Spring Festival is in the air. As the peak of chunyun is at hand and red lanterns are decorating the neighborhood, it is really hard to miss this festive mood.
In China, food and festival always go hand in hand. And the Spring Festival definitely brings out the best of every cuisine around China. This time, let's focus on 10 of the simplest but most essential parts of the Spring Festival food list.
If you want to collect all the best luck for 2018, make sure you eat all of them!
1. Dumpling (jiaozi)
For people from northern China, the dumpling is a must-have on the dinner table on Chinese New Year's Eve. The shape of the dumpling resembles the gold ingot from ancient China. So eating dumplings means a wish for treasure and good fortune.
2. Tangyuan and yuanxiao
Tangyuan, glutinous rice balls stuffed with a sweet or salty filling, is not exclusive to the Lantern Festival. It is a food for the winter solstice or any occasion of a family reunion. Nowadays, tangyuan often come in rainbow-like colors and are filled with many flavors, such as fruit preserves.
Yuanxiao from northern China is actually made quite differently. Instead of wrapping the filling inside the dough, you need to roll the diced filling in the flour until they turn into white pellets.
3. Rice cake (niangao)
Made of glutinous rice flour, rice cake has been in Chinese cuisine since the Spring and Autumn Period (770-476 BC). Gold and white rice cakes become the symbols of gold and silver. And the Chinese character for cake is gao which means growth, improvement or greater accomplishment.
A bowl of long noodles, usually uncut, represents the string of life or longevity. It also reminds people of the strings holding copper coins together in ancient China, which symbolize treasure and wealth.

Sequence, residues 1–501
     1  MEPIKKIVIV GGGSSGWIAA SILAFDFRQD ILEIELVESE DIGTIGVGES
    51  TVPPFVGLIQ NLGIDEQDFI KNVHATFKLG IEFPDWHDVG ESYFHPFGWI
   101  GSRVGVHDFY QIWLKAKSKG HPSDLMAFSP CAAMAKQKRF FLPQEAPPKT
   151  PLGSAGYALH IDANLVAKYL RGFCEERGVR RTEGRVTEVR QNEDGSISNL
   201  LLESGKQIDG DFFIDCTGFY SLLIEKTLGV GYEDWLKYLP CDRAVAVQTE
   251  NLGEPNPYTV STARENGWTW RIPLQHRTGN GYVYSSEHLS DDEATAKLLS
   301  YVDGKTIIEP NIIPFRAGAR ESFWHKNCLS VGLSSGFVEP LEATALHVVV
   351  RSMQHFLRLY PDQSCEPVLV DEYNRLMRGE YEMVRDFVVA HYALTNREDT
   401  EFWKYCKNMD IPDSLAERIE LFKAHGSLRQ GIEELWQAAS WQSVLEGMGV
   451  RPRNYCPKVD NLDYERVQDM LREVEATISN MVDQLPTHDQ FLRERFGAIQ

5. Wonton (gold ingot soup)
A wonton is made with a small amount of filling, which can be ground pork and shrimp, wrapped in a square wrapper. Making wontons calls for a pair of skilled hands. If you want to have a streak of luck in the new year, eat a bowl of wontons on the second day of the upcoming year according to the Chinese lunar calendar!
6. Traditional Chinese rice pudding (zongzi)
Attention please, Chinese rice pudding is not just for the Dragon Boat Festival! In South China's Guangxi Zhuang autonomous region, rice puddings with a variety of stuffings are made for the Spring Festival. Local people sometimes boil zongzi for over 10 hours. The heavy ones may weigh over 5 kilograms.
7. White Rabbit creamy candy and roasted melon seeds
Soft but chewy, White Rabbit candy is many people's favorite treat from childhood. Every household during the Spring Festival will prepare a tray of candies with roasted seeds and nuts for the guests. Small talks and snacks do make a perfect match after all.
8. Tusu liquor
Tusu liquor is a sort of traditional Chinese medical liquor created by the famous physician Hua Tuo in the Eastern Han Dynasty (25-220) and introduced to the public by another great physician, Sun Simiao of the Tang Dynasty (618-907). It is believed to be able to prevent diseases and prolong the life-span, so the best time to drink Tusu liquor is at the beginning of a year.
9. Soybean sprouts
It is said the simple but delicious soybean sprout dish once impressed Emperor Qianlong of the Qing Dynasty (1644-1911), when he toured the regions south of the Yangtze River. Grown from soybeans, it symbolizes growth and promotion. In Shanghai and East China's Jiangsu province, soybean sprout dishes always hold an important place at the family reunion banquet.
10. Whole fish, whole chicken
On Lunar New Year's Eve, all family members get together to have a big meal. The way of cooking fish and chicken may vary across China, but the symbolic meaning of these two dishes is always brimful happiness and good fortune.
And that's People's Daily Tonight. Thanks for joining us.
(Produced by Han Xiaomeng, Wang Yi)
the latest laws and regulations. The
updated policy explains the mechanism of how we collect and treat your personal data.
You can learn more about the rights you have by reading our terms of service. Please
read them carefully. By clicking AGREE, you indicate that you have read and agreed to
our privacy policies